Principle #6 – Engagement

Principle #6 – Engagement. Learners will often engage in certain activities as a matter of habit, though they are also influenced by their current capacity to engage, as well as factors of motivation and inhibition related to the activity as a whole, part of the activity, its circumstances, or its expected results.

 

 

Figure 8. The relationship between the four components of motivation

 

As shown in Figure 8, engagement is divided into four components: (a) capacity, (b) habit, (c) motivation, and (d) inhibition. The necessary condition for engagement in any learning activity is that the learner must possess sufficient physical, mental or emotional capacity to do so. Where capacity is insufficient it may, in most cases, be acquired through (a) antecedent learning (e.g., the acquisition of pre-requisite knowledge and skills), (b) biological maturation (e.g., growing taller and stronger, or developing coordination), (c) recovery (e.g., from fatigue or injury), or (d) supplementation (e.g., prosthetics, ergonomic affordances, reference material, guides, drugs, or assistance from others). In other cases, the learning activity itself may need to be adapted in order to accommodate learners with limitations that may not be overcome through one of the four ways listed above.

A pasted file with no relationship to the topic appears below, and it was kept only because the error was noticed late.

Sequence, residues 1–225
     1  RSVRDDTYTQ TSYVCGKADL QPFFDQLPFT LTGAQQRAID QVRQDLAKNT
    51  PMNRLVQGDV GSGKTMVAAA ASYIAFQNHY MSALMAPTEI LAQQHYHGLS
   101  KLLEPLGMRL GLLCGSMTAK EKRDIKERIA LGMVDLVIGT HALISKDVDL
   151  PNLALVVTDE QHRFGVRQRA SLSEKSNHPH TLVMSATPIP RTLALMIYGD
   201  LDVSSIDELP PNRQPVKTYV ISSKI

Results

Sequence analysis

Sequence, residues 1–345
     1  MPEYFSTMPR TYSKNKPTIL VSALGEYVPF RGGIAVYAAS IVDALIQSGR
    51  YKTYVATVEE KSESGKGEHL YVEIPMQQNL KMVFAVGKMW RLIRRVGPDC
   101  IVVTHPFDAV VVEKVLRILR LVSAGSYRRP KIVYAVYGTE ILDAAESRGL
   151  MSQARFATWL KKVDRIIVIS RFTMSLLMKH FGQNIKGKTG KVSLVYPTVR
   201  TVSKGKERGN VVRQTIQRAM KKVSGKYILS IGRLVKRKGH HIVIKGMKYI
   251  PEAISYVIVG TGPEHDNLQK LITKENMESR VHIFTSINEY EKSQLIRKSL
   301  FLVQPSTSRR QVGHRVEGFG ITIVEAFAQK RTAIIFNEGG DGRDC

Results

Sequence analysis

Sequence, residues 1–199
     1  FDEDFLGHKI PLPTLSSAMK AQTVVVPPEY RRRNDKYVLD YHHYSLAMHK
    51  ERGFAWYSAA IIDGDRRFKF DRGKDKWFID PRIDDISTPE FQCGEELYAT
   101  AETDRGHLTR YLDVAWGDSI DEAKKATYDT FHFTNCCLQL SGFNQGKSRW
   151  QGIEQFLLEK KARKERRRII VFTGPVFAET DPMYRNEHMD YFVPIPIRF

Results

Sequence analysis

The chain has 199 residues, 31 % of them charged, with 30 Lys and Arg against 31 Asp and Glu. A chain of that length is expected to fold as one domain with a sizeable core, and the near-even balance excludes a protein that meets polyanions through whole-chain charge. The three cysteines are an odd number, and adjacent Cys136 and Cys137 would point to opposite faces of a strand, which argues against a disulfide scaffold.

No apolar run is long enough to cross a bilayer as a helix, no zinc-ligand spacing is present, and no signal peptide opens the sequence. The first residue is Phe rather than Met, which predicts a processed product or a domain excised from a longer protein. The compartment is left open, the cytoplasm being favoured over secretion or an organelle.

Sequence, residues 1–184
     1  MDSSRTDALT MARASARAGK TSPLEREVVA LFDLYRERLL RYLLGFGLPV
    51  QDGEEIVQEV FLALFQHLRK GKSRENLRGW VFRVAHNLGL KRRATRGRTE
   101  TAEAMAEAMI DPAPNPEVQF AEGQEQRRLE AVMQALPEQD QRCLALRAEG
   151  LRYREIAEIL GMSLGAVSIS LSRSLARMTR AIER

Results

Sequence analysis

There are many and various reasons for which a person might engage in, or avoid, a given learning activity. It is usually the case that a person will engage in certain activities, do things in a certain way, or avoid certain activities, based on previously established habits. Habits of activity, however, are subject to current levels of capacity, factors of motivation, and factors of inhibition. Given sufficient capacity, habits of engagement are swayed by factors of motivation or inhibition. An enumeration of these factors is given below, which enumeration is derived from the local principles of engagement presented in chapter four.

Any factor which draws learner engagement is a factor of motivation. Motivational factors are represented in the principles-of-learning framework by the following five categories of motivation, not in any particular order:

  1. Pleasant Sensation – intellectual, emotional, or physical pleasure
  2. Pleasant Affiliation – interaction and relationships with others